1952—Kent Kennan, in The Technique of Orchestration, says, “In its familiar role, the trombone is an instrument that excels at loud, heroic passages. But it can also play softly, either on the chief musical idea or as background; this side of its nature is too often forgotten. Rapid running passages and light, fanciful parts that skip around a great deal are obviously not well suited either to trombone technique or to trombone quality. However, the instrument can play rapid repeated notes or short figures that move quickly….Nowadays even the first and second (tenor) trombones in many orchestras are equipped with the F attachment, chiefly because it simplifies the technical problem by eliminating certain awkward changes of position” (Kennan 139).
1952—Himie Voxman, Selected Studies for Trombone.
1953—Paris Conservatory morceau de concours: Serge Baudo, Petite Suite.
1953—Eugene Bozza, Allegro et finale (bass trombone).
1953—Eugene Bozza, Prélude et allegro (bass trombone).
1953—William Newman, in Understanding Music, says, “The tenor and bass trombones, oldest of the brasses in their present state, produce a commanding, stentorian tone that can dominate the orchestra in their ranges. Efforts to replace the slide system with valves have never succeeded for long. The agility that can be achieved with the slide is astonishing” (Newman 39).
1954—Jean-Michel Defaye, Deux Danses.
1954—Paris Conservatory morceau de concours: José Berghmans, Concertino.
1954—Kazimierz Serocki, Sonatina.
1954—J. J. Johnson and Kai Winding team up to tour and record as a quintet. The duo continues to play together off and on for decades.
1955—Walter Piston, inhis orchestration textbook, says, “The trombones are by tradition group instruments rather than soloists and they are used very frequently in three-part harmony, performing a harmonic background function similar to that performed by horns….The most suitable melodies for the trombones are those having a kind of deliberate dignity and solemnity, or those of a choral type that would be sung by more than one voice” (Piston).
1955—Trombonist Henry Charles Smith joins the Philadelphia Orchestra, where he remains until 1967 (Kupfurberg 226).
1955—Paris Conservatory morceau de concours: Pierre Lepetit, Piece de Concert.
1955—Lars-Erik Larsson, Concertino.
1955—Darius Milhaud, Concertino d’Hiver.
1955—Marlon Brando practices trombone between scenes on the film set of Guys and Dolls (see below image).
1956—Ernest Bloch, Symphony for trombone and orchestra.
1956—Carter Harman, in A Popular History of Music, says, “The trombones are the tenors and baritones of the brass section. They are sometimes found with valves, but the most familiar type is the slide trombone, known in medieval days as the ‘sackbut’…The trombone is less agile than the trumpet, partly because of the time it takes to move the slide between positions, partly because of the heavier, thicker quality of its voice. It sounds mellow and noble, occasionally martial and sometimes (because it can ‘smear’ a glissando) humorous. More than any orchestral instrument its sound resembles the human voice. Its performers, according to orchestral humor, are phlegmatic. It is not certain whether this is due to the nature of the music they are given to play or to the nature of the trombone itself” (Harman).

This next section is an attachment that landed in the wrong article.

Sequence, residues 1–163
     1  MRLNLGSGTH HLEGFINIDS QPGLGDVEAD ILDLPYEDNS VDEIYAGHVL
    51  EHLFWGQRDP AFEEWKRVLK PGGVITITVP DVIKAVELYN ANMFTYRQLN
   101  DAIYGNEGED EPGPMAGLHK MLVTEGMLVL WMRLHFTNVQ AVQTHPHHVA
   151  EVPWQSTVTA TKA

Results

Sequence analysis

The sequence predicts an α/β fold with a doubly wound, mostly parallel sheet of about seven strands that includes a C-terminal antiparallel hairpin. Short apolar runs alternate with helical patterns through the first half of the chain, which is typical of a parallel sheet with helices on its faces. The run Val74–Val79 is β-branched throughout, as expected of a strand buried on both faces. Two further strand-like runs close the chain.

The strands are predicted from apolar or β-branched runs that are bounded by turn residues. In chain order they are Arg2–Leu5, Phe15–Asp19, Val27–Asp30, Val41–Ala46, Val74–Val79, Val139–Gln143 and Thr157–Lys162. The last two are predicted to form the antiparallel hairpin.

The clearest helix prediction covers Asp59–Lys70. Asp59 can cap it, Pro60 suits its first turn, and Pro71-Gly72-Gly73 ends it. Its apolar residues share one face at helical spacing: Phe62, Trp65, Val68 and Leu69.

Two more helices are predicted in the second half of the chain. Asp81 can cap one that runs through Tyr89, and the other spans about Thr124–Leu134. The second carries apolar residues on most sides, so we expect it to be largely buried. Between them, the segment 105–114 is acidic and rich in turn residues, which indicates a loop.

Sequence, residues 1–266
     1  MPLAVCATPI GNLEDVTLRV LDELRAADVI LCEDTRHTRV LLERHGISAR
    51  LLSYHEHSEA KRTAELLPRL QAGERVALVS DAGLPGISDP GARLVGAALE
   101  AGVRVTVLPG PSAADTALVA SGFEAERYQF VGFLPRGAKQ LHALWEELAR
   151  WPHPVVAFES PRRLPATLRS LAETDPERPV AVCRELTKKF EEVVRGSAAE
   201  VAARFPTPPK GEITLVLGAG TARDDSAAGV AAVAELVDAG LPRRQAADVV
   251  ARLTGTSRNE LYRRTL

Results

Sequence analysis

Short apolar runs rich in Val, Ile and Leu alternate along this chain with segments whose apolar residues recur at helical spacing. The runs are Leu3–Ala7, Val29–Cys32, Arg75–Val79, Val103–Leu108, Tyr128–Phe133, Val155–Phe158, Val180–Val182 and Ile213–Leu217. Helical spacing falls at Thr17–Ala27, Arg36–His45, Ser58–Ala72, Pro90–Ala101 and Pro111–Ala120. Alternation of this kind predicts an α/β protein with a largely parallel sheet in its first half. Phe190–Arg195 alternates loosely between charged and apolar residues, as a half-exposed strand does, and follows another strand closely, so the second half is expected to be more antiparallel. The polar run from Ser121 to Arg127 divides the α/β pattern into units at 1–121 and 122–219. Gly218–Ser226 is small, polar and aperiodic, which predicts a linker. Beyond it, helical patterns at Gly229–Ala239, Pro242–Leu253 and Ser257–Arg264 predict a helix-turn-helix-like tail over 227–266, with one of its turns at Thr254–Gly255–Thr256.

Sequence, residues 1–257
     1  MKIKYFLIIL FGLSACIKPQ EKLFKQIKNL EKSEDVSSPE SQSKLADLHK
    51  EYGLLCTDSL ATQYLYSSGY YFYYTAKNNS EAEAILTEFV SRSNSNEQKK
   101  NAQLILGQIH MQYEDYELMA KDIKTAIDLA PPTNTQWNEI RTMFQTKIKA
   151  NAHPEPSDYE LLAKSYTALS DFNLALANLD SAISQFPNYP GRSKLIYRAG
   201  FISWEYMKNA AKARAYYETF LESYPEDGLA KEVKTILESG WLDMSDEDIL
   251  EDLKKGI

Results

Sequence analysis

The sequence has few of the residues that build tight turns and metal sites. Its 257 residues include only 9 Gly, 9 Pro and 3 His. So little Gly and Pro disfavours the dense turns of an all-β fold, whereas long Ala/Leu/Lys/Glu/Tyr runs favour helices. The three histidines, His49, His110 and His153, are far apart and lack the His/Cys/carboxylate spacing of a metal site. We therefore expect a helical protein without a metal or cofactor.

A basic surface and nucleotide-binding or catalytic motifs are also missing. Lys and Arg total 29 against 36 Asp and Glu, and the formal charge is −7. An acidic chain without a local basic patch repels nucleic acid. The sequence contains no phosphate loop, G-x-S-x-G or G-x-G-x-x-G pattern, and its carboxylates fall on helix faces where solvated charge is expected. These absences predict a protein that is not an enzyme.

1956—Paris Conservatory morceau de concours: Henri Tomasi, Concerto.
1956—Eugene Bozza, Treize Etudes Caprices de Grande Difficulte pour Trombone a Coulisse.
1956—Gordon Jacob, Concerto.
1956—Marcel Bitsch, Quinze Etudes de Rhythme pour Trombone.
1956—Allen Ostrander, The F Attachment and Bass Trombone.
1957—Paris Conservatory morceau de concours: Roger Boutry, Capriccio.
1957—Vladislov Blazhevich, Studies in Clefs, ed. Ostrander.
1957—Collier Jones, Four Movements for brass quintet.
1957/8—John Cage, Solo for Sliding Trombone.
1958—Paris Conservatory morceau de concours: Casterede, Sonatine.
1958—Paris Conservatory morceau de concours: Maurice Franck, Fanfare, Andante et Allegro.
1958—Allen Ostrander, Method for Bass Trombone and F Attachment for Tenor Trombone.
1958—Paul Apel, in The Message of Music, says, “In its serious moments, the trombone is especially sonorous and capable of intoning thrillingly broad and sustained melodies. Its tones are very solemn, grand, and noble, or menacing. It may portray almost every broad emotion, from sacred calm to the wildest strains of martial glory. In addition, its somber tones are well fitted for tragic effects, having a portentous and threatening quality. The use of the slide makes fairly rapid passages possible, thus enabling a soloist to dazzle an audience; but in orchestral work the trombone is treated more slowly” (Apel 467).
1959—Joseph Wagner, in his orchestration text, says the following about trombone: “Composers since the time of Gluck have, with few exceptions, consistently written for three trombones as a unit of ‘harmony instruments’…. Hector Berlioz, in his monumental Treatise on Instrumentation, referred to the trombones as ‘group instruments.’ This distinction results from their homogeneous tonal qualities, which vary little throughout their ranges. Any variance which may occur is generally the fault of the player’s execution of range extremes” (Wagner, Orchestration 226).
1959—Joseph Wagner, in his orchestration text, says the following about bass trombone: “All tonguing styles are possible, but the more rapid ones are fatiguing and become sluggish, especially in the lowest register. The deep, full tone of the bass trombone makes it ideally suited to the bass parts of all brass ensemble passages. It is rarely used as a solo instrument unless doubled either in unison or octaves. Extremely rapid notations are less satisfactory than those for the lighter tenor instrument” (Wagner, Orchestration 227).